Street wise: Council debates downtown Denver

By on April 27, 2016

The future of part of Denver’s Main Street was a key topic of discussion at the April 25 borough council.

Denver Mayor Rod Redcay asked council for financial and/or emotional support in his organization’s efforts to buy “The Denver House” at 240 Main St.

Redcay, founder of REAL Life Community Services, hopes to make the space a hub for social services which will include 12 affordable apartments, professional counselors, and other services.

“I think it’s the wrong place to be putting something like that,” said Councilman Michael Gensemer. “It’s not what has been envisioned for downtown.”

“It would help a lot of needy people,” responded Redcay.

Council President Blake Daub suggested that any improvement to the space would be better than what it is.

Gensemer quoted Ronald Reagan about not settling for crumbs. He hopes the building could be used for a restaurant or corner bar to “bring back Denver to the way it was 40 years ago when it was in its glory.”

Gensemer suggested that replacing “poor needy people in the building now with different poor needy people” who are supervised by Redcay’s organization is not council’s goal.

Councilman Todd Stewart had mixed feelings and didn’t want to say ‘no’ because it’s “not exactly what we had in mind.”

“We may never get what we have in mind,” said Stewart. “Is incremental improvements good enough? The question I have, ‘is this incremental improvements’? If it’s only a very small improvement, then it’s probably not worth the effort, but they’re going to fix up the building-that’s improvement that’s better than we have today.”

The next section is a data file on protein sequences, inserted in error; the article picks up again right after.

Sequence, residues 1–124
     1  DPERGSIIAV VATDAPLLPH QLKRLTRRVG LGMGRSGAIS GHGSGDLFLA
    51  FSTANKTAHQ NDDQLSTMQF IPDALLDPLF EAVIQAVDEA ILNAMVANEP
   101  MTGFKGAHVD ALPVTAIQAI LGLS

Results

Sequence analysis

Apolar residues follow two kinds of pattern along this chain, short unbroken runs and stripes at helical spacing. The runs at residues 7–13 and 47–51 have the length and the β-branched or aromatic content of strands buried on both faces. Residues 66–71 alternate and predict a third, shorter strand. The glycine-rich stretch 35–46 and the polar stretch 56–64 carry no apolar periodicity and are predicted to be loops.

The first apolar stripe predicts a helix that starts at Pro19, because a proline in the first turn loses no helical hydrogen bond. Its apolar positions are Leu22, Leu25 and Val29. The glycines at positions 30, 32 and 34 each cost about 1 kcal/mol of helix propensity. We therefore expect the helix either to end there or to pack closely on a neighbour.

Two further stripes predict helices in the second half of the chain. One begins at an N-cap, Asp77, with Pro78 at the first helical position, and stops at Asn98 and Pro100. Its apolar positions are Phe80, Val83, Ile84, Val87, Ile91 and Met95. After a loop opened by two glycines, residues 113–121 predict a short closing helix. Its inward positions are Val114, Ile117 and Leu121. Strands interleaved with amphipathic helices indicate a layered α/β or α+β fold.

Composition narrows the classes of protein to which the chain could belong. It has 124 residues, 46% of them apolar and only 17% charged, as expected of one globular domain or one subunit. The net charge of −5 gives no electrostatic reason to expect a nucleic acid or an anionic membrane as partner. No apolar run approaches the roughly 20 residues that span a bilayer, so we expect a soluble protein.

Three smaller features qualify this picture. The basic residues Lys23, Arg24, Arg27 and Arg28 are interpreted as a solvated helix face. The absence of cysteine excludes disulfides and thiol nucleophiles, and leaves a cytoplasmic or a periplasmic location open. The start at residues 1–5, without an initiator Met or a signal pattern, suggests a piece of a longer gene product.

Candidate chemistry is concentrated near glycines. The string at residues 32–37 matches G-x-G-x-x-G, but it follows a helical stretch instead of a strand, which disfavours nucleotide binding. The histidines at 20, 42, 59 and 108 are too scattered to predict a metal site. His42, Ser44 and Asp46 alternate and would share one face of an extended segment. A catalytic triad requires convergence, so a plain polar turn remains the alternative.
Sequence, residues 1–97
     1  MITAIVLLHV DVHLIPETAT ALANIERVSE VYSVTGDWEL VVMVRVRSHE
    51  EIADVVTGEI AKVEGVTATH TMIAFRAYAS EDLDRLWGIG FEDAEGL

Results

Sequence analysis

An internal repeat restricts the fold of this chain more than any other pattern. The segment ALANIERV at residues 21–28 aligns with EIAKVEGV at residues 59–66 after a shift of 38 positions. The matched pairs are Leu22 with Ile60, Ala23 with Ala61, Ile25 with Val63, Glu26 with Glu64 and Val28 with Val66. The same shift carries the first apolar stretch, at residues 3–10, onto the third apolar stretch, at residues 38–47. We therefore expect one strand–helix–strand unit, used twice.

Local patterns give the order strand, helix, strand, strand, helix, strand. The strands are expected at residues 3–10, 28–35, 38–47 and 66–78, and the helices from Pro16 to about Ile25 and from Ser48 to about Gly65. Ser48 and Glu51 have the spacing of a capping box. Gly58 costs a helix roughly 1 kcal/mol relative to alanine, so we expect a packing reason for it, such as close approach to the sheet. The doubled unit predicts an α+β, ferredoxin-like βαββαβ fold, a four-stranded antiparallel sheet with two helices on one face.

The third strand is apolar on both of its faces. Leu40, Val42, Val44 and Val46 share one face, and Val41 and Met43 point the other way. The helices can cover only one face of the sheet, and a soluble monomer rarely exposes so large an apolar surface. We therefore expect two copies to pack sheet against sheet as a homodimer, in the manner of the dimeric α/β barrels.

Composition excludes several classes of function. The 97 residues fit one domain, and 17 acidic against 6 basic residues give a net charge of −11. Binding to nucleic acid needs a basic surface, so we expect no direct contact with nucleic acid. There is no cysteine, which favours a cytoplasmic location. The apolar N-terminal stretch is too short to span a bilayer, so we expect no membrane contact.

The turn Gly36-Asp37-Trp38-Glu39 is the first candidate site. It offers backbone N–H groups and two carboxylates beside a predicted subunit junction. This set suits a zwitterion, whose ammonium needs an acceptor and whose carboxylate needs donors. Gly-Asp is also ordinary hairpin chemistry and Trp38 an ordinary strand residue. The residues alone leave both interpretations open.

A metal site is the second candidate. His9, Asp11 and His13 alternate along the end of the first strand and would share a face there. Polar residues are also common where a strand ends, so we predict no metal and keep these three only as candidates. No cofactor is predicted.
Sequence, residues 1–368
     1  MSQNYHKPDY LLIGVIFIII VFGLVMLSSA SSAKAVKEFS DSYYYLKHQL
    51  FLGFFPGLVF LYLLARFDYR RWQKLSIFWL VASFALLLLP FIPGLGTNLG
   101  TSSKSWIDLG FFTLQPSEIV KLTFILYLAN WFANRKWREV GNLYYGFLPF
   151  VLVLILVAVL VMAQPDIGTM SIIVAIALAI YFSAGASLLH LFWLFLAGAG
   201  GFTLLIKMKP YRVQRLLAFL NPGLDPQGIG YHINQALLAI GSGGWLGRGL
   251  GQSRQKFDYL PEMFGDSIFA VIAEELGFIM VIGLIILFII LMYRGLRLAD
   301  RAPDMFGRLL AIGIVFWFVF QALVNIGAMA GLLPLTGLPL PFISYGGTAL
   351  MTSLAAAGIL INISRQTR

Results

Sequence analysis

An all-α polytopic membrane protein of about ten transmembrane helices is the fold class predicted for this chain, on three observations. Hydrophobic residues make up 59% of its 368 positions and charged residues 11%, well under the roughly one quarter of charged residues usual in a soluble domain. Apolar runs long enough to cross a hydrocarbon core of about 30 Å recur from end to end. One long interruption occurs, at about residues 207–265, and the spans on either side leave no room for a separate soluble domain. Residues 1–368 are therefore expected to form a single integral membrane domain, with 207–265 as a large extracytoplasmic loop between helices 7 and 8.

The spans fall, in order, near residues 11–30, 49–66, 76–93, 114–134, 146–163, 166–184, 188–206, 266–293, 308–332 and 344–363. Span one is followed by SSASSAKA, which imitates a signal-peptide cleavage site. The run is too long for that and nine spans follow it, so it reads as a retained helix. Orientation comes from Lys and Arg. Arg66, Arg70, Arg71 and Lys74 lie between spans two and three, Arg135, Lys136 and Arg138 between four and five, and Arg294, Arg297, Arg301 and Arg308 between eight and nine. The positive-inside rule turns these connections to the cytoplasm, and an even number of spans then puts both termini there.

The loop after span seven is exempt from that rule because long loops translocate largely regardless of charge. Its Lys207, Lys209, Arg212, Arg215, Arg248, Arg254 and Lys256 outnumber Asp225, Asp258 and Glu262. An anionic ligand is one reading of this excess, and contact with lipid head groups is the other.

Gensemer asked if Redcay could have apartments upstairs and a restaurant or brewery downstairs.

“That probably could be done, but my board would not be in favor of that,” said Redcay. “But there is a need for the services we’re offering, especially a hub that will connect families in need to the areas social services provides.”

The building will be going in to sheriff’s sale on July 27 and Redcay asked council for support for the “acquisition of the property and the renovations of it.”

“It will be given to the highest bidder,” Redcay said.

In other news, council focused on the aesthetic appeal of Denver and discussed having a possible stricter property maintenance code and/or zoning ordinance violations on various properties in the borough.

“Who’s going to put a nice restaurant in the Old Denver House when you’ve got that row of houses in the 200 block of Main Street?” asked Gensemer. “We’re not asking people to spend money on their property, we’re asking them to clean them up — get the things off the porches, get the cars off the grass. Make it look like a respectable town that people want to move into. I understand individual rights, but when you move into a town, there are certain expectations.”

As of now, the borough follows a standard property maintenance code with a few minor changes.

“We’re sliding and we need to stop the slide,” Gensemer said. “I couldn’t believe when I came on council that grass can be 10 inches high before it’s in violation of our ordinance. That’s incredible.”

Council members said they are considering being more aggressive, especially with “repeat offenders” with this issue and that an indoor sofa sitting on a porch for “decoration” may be deemed as an unsightly, moldy health hazard in the near future.

Michele Walter Fry welcomes your comments at

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